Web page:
'Not From Here,' stories by Nathan Deuel

Did conservative attack dogs eat one of their own?

David Frum. Image source is a screen shot from...

Former Bush speechwriter David Frum. (Image via Wikipedia)

Can the Republicans get anywhere by being the party of “no?” This is the question The New York Times takes up in a wide-ranging and provocative new piece.

At the heart of the essay, though, is the human tale of David Frum, a former George W. Bush speechwriter. In the wake of the health care reform bill, Frum wrote a searching, honest post, in which he pondered the Republicans’ position of no-compromise and the bulling, silencing power of the conservative “entertainment industry”:

We followed the most radical voices in the party and the movement, and they led us to abject and irreversible defeat.

There were leaders who knew better, who would have liked to deal. But they were trapped. Conservative talkers on Fox and talk radio had whipped the Republican voting base into such a frenzy that deal-making was rendered impossible. How do you negotiate with somebody who wants to murder your grandmother? Or — more exactly — with somebody whom your voters have been persuaded to believe wants to murder their grandmother? I’ve been on a soapbox for months now about the harm that our overheated talk is doing to us. Yes it mobilizes supporters — but by mobilizing them with hysterical accusations and pseudo-information, overheated talk has made it impossible for representatives to represent and elected leaders to lead …

So today’s defeat for free-market economics and Republican values is a huge win for the conservative entertainment industry. Their listeners and viewers will now be even more enraged, even more frustrated, even more disappointed in everybody except the responsibility-free talkers on television and radio. For them, it’s mission accomplished. For the cause they purport to represent, it’s Waterloo all right: ours.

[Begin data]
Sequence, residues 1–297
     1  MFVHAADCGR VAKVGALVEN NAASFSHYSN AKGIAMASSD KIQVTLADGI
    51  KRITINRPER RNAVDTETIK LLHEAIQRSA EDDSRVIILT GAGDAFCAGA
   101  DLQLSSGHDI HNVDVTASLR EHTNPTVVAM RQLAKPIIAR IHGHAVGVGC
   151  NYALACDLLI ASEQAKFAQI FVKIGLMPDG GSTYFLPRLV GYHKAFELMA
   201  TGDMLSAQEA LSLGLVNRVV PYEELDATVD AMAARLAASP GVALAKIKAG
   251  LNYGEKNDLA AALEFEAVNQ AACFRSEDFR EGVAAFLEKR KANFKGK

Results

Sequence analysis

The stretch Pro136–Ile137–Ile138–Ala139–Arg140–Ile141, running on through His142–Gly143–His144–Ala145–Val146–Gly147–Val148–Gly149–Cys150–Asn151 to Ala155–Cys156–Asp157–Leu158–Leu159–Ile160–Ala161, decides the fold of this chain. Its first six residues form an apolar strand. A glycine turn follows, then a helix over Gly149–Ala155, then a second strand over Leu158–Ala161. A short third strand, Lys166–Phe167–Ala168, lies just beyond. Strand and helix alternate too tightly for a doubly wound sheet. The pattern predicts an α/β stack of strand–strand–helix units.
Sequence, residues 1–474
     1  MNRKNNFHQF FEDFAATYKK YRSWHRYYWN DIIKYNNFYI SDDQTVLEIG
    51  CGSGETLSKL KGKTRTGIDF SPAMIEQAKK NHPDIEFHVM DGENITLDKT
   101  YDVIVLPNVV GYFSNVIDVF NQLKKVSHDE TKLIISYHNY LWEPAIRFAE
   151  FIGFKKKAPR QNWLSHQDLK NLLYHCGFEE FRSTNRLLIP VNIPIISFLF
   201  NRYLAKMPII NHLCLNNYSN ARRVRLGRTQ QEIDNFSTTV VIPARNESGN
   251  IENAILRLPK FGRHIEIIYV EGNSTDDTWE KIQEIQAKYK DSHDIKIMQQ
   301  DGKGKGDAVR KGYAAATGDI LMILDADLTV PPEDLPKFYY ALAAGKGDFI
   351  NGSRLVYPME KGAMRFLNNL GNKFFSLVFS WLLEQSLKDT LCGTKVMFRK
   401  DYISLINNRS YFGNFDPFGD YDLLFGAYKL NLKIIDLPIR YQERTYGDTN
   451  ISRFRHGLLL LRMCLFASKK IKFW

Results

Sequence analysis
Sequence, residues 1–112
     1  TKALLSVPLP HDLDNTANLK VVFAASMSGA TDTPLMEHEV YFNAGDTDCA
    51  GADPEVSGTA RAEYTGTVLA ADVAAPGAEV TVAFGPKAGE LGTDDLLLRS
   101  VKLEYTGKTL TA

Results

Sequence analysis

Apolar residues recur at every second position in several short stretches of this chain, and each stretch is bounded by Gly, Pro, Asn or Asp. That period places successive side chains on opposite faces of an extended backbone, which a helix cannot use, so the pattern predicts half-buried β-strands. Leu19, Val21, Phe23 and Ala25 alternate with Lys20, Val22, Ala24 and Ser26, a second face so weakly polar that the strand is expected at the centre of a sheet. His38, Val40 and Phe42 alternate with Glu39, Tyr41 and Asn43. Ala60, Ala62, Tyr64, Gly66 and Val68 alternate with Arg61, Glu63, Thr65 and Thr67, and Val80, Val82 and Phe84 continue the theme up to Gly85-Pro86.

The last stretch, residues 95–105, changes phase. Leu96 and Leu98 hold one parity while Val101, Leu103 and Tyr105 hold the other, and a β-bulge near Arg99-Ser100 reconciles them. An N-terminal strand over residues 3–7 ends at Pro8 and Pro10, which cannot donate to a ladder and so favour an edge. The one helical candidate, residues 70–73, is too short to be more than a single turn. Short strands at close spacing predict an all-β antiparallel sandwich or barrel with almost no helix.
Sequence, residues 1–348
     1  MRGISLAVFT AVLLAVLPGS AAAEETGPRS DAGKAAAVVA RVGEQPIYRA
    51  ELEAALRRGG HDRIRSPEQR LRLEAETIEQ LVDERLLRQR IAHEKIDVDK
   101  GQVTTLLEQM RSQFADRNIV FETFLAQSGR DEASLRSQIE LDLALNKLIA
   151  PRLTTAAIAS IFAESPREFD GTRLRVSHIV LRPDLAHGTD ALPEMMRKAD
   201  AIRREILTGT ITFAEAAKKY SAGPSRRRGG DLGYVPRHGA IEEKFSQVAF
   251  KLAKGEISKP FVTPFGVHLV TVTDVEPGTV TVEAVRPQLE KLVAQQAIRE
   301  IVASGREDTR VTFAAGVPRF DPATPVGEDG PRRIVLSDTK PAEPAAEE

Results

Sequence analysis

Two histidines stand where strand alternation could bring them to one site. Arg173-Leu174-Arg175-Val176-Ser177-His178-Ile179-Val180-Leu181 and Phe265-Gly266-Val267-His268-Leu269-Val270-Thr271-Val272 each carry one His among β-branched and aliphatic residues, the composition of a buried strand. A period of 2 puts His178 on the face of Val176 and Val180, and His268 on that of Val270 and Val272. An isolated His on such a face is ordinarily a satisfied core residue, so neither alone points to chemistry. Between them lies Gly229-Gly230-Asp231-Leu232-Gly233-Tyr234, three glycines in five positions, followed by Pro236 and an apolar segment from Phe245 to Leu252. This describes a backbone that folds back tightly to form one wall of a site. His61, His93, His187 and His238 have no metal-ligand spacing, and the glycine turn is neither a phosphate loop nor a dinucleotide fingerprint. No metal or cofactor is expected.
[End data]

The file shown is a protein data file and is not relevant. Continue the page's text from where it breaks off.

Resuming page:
via Can ‘No’ Revive the Republicans? – Opinionator Blog – NYTimes.com.

In the wake of the post, which went viral, Frum was reportedly called in to meet with the head of the conservative think tank the American Enterprise Institute, where he had long been a resident scholar. Read the rest of this entry »

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Filed under: Healthcare reform, Media, New York Times, , , , ,

Health debate simplified: Do you value life or money?

WASHINGTON - JANUARY 18:   Political commentat...

Mr. Brooks: A straight-shooter, even if he'd let your neighbor go without care if it'd mean a "vital" marketplace. (Image by Getty Images North America via Daylife)

The most clear-eyed distillation of the health care debate to date is in today’s column by David Brooks. The sides are ultimately drawn along what you value, he writes. Do you prize health for all, or vitality for all?

Reform would make us a more decent society, but also a less vibrant one. It would ease the anxiety of millions at the cost of future growth. It would heal a wound in the social fabric while piling another expensive and untouchable promise on top of the many such promises we’ve already made. America would be a less youthful, ragged and unforgiving nation, and a more middle-aged, civilized and sedate one.

We all have to decide what we want at this moment in history, vitality or security. We can debate this or that provision, but where we come down will depend on that moral preference. Don’t get stupefied by technical details. This debate is about values.

via Op-Ed Columnist – The Values Question – NYTimes.com.

As I’ve written before, I think the health of our individual citizens is the most important thing. I would never want a government program guaranteeing a flat-screen TV for all, or laundered shirts for all. But to me access to doctors for all is just as essential as roads, police, schools, and military. I don’t care how much a public plan costs — for me it is a fundamental public service. Read the rest of this entry »

Filed under: Business, Death, Economy, Health, Healthcare reform, New York Times, , , , ,